Copyright 2009 Cengage Learning
Judging the Test
A statistical test of hypothesis is effectively defined by the
significance level () and the sample size (n), both of which
are selected by the statistics practitioner.

Therefore, if the probability of a Type II error () is judged
to be too large, we can reduce it by
Increasing ,
and/or
increasing the sample size, n.

Copyright 2009 Cengage Learning
Judging the Test
For example, suppose we increased n from a sample size
of 400 account balances to 1,000 in Example 11.1.

Stage 1: Rejection region

38 . 173 x
645 . 1
000 , 1 / 65
170 x
n /
x
z
645 . 1 z z z
05 .
>
>
>

## Copyright 2009 Cengage Learning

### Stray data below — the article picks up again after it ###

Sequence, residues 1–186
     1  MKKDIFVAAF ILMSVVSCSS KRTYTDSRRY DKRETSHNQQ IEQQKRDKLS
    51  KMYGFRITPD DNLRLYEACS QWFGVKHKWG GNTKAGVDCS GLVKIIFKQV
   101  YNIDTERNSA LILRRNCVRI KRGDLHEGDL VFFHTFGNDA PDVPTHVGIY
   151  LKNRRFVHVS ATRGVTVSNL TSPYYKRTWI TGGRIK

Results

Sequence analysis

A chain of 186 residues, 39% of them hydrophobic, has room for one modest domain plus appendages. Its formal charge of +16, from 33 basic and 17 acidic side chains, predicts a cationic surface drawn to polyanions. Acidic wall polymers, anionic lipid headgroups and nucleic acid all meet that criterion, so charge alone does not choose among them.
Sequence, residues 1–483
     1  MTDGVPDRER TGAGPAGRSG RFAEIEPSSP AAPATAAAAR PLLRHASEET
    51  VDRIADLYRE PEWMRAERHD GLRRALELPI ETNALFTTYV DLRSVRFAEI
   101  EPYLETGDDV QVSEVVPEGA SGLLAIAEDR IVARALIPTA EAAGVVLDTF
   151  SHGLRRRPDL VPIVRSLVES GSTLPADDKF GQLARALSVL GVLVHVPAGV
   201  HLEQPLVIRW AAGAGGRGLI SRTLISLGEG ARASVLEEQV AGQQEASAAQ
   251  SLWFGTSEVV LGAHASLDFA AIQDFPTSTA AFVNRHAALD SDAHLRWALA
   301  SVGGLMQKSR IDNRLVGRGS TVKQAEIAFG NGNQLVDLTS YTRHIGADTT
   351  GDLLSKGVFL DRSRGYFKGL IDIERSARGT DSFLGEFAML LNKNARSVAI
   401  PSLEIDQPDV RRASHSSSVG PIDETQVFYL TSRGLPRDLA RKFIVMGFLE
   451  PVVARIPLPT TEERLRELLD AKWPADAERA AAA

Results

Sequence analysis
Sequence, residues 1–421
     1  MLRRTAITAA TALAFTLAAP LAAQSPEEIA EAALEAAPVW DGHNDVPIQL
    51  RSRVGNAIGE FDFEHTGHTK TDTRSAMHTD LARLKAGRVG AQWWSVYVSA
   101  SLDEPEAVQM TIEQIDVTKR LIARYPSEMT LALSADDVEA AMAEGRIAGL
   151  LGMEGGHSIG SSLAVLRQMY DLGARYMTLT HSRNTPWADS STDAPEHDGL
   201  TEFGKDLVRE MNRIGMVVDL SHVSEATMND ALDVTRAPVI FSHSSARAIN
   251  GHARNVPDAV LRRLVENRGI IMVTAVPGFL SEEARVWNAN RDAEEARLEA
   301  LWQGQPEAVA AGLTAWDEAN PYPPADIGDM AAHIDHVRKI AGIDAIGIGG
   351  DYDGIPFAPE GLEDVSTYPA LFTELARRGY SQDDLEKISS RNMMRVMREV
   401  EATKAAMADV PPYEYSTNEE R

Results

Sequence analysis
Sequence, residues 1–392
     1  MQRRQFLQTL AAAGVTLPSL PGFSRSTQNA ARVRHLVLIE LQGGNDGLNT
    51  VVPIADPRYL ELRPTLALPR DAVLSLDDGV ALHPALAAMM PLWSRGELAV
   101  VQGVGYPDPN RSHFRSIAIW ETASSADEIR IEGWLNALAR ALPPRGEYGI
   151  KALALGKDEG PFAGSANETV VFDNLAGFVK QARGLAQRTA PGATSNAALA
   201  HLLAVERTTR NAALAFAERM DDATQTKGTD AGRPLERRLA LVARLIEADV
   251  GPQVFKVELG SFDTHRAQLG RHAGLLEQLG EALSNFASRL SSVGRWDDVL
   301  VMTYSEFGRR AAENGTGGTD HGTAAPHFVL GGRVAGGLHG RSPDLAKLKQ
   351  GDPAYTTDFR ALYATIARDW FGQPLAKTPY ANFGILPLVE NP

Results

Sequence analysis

Judging the Test
Stage 2: Probability of a Type II error
( )
) ely approximat ( 0
22 . 3 z P
000 , 1 / 65
180 38 . 173
n /
x
P
) 180 | 38 . 173 x ( P

<

<
<

## Copyright 2009 Cengage Learning

Compare at n=400 and n=1,000
175.35
n=400
B
y

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:

n=1,000
173.38
Copyright 2009 Cengage Learning
Developing an Understanding of Statistical Concepts
The calculation of the probability of a Type II error for n =
400 and for n = 1,000 illustrates a concept whose importance
cannot be overstated.

By increasing the sample size we reduce the probability of a
Type II error. By reducing the probability of a Type II error
we make this type of error less frequently.

And hence, we make better decisions in the long run. This
finding lies at the heart of applied statistical analysis and